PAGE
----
OPINION: Our daughter said this week she couldn't see it being a good idea to have a kid.
This was disappointing to hear because for one thing, I want to see if our family stock can produce someone even louder than her great-great-grandfather.
His noise was legendary and she herself is not what anyone would call quiet.
It is also disappointing because what she was expressing was a perfectly understandable response to a climate emergency.
She's 20. She has certain and specific plans for her life which until now had included children.
But she also sees a bleak future for humanity, as assessed by such radical institutions as the World Bank which talks about about heat waves killing tens of thousands, more and more severe droughts, worse and worse flooding, food shortages and famines leading to violence, cities losing land to rising water and the dislocation that might follow.
Of course she recoils. How could you not?
Tree-planting schemes like this one in Northland can help to suck all of the carbon dioxide out of the atmosphere.
I was silent when she said that. What can you offer? Reassuring platitudes are pointless and even though my optimism is more or less boundless I don't know if we'll manage to do what needs to be done.
But I go on wanting to find a reason for her to feel some hope, and I embrace good news wherever it may appear. What has cheered me most recently is seaweed, cars and trees.
The best news is not new by any means, but the way it's been put together in this study is impressive in its simplicity and completeness. And it comes with the data to back it up.
The proposition is: plant enough of the right trees in the right places, right across the planet and you will get enough forests to suck up fully two thirds of all the CO2 we have generated since the industrial revolution.
Two thirds. What's not to love? 205 gigatonnes of carbon dioxide, sucked up by trees. You just put enough of them in the right place. Well, giddy up.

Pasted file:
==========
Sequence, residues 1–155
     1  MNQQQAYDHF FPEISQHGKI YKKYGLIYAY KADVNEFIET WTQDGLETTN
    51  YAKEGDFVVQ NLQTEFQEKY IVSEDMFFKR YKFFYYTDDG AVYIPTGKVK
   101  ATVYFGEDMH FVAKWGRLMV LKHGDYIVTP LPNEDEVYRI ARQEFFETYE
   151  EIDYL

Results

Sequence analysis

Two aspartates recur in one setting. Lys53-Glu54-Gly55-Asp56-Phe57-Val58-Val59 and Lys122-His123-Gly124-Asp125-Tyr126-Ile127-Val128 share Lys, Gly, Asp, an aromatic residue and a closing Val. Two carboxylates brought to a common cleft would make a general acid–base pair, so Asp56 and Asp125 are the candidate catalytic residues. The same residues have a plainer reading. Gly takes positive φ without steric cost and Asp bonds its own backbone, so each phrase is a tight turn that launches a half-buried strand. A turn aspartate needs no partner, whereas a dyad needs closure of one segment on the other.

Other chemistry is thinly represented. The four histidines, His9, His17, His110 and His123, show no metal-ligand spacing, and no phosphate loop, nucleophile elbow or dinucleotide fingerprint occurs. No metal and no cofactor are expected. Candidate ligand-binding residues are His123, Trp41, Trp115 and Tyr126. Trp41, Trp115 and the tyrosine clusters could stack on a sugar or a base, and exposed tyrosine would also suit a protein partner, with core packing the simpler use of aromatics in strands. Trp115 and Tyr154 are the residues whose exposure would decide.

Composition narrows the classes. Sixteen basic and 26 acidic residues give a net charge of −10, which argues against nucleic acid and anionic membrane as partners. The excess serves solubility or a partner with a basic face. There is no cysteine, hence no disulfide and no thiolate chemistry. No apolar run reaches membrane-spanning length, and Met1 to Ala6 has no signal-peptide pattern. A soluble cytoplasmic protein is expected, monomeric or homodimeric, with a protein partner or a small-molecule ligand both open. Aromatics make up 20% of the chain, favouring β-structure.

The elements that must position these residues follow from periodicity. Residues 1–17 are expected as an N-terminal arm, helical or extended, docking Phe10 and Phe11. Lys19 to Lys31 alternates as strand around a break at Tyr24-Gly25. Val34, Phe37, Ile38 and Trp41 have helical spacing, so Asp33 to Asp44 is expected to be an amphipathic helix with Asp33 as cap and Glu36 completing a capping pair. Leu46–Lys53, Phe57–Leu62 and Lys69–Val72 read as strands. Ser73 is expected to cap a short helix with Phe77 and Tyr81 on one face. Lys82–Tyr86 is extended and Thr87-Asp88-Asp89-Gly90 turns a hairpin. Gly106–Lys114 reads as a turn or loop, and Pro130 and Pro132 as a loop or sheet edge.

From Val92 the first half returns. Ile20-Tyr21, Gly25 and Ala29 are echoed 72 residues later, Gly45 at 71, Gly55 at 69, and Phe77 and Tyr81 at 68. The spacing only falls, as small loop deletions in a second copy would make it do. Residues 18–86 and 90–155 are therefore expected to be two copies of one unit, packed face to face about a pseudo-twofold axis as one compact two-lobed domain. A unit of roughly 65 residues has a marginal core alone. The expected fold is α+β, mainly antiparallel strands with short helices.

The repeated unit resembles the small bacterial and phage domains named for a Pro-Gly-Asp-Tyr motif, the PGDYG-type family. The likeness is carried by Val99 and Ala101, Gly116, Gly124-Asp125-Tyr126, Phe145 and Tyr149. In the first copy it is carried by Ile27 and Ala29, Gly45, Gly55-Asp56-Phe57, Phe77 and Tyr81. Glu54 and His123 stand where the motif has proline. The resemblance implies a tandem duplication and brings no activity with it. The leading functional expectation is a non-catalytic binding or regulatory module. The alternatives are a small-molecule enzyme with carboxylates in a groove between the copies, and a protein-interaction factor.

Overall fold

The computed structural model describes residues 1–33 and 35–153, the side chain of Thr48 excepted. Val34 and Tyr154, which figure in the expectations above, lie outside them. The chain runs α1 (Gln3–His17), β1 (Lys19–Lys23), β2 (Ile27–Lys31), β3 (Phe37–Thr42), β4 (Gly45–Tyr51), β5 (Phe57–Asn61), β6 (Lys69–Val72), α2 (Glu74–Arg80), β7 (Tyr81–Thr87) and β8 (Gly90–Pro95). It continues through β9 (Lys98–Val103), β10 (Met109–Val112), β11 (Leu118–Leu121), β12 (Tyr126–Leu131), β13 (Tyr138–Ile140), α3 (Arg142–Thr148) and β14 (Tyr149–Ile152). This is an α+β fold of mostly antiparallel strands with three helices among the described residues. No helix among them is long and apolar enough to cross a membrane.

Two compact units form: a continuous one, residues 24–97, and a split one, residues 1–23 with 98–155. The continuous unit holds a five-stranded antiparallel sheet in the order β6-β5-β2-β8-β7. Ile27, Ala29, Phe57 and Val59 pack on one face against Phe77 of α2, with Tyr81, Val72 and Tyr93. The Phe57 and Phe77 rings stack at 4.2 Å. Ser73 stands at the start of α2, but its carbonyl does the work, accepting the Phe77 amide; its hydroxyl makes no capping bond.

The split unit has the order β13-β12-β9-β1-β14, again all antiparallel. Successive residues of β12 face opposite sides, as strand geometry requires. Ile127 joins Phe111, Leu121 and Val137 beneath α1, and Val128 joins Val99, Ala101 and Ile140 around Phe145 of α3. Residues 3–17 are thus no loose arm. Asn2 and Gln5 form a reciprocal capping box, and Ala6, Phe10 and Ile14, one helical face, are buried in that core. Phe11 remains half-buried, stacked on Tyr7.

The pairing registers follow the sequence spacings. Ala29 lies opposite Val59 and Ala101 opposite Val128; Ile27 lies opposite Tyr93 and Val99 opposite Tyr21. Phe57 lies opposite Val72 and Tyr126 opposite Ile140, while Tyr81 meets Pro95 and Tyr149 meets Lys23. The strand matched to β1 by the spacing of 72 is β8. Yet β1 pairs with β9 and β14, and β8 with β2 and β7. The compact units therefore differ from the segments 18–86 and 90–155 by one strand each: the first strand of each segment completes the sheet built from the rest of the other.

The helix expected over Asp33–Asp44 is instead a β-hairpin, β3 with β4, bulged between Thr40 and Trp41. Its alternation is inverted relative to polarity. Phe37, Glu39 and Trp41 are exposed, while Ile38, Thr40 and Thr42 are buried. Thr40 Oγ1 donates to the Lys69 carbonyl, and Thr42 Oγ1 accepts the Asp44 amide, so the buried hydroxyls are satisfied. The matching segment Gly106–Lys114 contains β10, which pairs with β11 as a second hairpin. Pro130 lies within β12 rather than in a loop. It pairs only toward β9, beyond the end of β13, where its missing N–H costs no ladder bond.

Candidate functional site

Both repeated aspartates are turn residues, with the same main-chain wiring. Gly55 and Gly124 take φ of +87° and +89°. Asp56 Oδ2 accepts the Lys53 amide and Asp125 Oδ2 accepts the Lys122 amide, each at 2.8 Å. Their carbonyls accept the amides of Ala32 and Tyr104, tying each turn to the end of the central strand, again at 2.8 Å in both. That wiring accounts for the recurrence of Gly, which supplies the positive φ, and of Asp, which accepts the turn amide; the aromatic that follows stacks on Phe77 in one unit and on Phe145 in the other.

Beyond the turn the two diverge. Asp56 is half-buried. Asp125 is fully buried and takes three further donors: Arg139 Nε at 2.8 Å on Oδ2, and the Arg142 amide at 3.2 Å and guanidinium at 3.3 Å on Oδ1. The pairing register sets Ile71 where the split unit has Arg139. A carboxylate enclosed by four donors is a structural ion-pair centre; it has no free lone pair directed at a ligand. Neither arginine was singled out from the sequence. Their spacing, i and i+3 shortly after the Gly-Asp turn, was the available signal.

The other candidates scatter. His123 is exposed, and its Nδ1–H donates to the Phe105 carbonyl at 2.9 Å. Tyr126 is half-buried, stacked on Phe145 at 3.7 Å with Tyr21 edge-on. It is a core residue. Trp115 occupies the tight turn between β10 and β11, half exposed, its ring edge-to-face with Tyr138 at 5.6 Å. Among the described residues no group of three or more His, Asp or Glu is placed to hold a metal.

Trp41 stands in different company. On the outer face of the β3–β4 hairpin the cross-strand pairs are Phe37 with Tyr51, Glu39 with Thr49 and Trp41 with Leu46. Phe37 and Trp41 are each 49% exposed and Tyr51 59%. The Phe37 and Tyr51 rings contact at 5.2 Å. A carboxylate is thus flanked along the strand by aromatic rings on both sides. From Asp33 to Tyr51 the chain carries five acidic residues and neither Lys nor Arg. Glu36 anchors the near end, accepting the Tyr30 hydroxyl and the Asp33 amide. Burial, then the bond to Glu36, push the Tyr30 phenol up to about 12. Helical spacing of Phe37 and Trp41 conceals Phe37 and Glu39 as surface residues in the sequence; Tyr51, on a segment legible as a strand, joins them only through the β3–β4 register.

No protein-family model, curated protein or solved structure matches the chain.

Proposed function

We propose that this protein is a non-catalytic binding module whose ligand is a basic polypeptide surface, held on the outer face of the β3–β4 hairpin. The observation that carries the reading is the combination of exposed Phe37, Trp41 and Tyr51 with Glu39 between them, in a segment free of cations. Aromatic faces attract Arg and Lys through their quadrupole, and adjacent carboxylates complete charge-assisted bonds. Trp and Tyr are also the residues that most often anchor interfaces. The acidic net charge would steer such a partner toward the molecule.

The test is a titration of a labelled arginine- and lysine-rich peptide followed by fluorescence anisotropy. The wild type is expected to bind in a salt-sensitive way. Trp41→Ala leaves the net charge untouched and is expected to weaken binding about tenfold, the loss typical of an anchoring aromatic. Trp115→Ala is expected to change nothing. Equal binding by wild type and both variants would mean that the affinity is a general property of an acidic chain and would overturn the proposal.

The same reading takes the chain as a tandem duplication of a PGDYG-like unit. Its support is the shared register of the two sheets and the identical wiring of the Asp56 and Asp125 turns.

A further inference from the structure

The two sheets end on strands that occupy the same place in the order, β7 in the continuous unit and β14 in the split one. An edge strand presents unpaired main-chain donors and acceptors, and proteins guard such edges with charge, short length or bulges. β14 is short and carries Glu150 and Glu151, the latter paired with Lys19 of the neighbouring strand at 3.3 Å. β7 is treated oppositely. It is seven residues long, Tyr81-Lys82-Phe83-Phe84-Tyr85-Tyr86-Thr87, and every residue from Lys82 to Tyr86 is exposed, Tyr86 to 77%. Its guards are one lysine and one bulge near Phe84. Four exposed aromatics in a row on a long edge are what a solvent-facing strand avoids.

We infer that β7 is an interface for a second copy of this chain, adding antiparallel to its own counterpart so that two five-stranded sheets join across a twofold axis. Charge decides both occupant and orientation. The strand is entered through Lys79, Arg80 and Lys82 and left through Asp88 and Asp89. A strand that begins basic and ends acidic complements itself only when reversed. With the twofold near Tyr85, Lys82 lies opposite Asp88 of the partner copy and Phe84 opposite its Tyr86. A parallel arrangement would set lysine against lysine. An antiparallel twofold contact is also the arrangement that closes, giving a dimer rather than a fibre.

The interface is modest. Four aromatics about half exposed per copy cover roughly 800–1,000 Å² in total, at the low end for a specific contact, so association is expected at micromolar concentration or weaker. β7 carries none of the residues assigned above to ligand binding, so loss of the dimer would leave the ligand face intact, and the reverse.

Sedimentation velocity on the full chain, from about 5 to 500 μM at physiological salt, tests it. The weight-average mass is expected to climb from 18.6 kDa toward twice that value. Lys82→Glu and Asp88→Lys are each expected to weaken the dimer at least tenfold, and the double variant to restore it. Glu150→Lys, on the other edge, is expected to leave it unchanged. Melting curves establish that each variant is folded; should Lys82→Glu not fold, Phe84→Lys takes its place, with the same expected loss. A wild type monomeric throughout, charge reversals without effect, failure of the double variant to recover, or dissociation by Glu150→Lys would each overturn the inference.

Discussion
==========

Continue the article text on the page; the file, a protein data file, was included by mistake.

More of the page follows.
Is the data sound? Is it ever. A hectare at a time, the study looked at satellite photo measurements of tree cover right around the globe.
They lined up the 80,000 satellite photos with information about soil and climate conditions. They identified almost a billion hectares of suitable land across the planet that could be forested but have not been. Well, let's do it today, then. We all know how to plant trees.
Complications? Sure there are. Those trees could be in competition with other uses like agriculture and, well, we can see in Brazil right now how populists and even well-adjusted people feel about burning trees for the sake of a dollar.
But come on. Can we really not leave something better than a smoking husk, and can we not consider switching to more sustainable sources of food?
Scientists are developing a type of seaweed which, when fed to cattle, reduces methane output by 80 per cent.
Also in the news and giving me hope: seaweed. Scientists report there's a red seaweed that grows in the tropics that, when fed to cows, reduces their methane emissions by 80 per cent. You just have to add 0.5 per cent of feed to their dry feed.
Methane down by 80 per cent. Again, giddy up.
Complications? Sure there are. The world has nearly 1.5 billion head of cattle. Can we harvest enough seaweed to feed them? Computer says no.
On the other hand, boy that stuff can grow fast. Please keep looking into this, scientists in white coats with excellent ideas.
Also giving me hope: cars. According to that hippy publication Bloomberg, we can expect by 2030 to see fossil fuel cars entirely replaced by electric ones.
Why not any sooner? Ye olde chicken and egg. Automakers have to keep making money from petrol cars until EVs reach enough volume to replace them. And that requires demand to rise. And you get demand to rise by having governments encourage them.
In Norway one third of their cars are EV because the government used subsidies to make the price of EVs equivalent to petrol cars. Up went demand.
So this clean car discount the government's proposing? Giddy up.
The Greens got called wowsers this week for saying we can make an emergency of rugby drinking hours but not the climate.
If some dopey MP wants to say that, they can go right ahead but I hope we get a granddaughter who's better than that.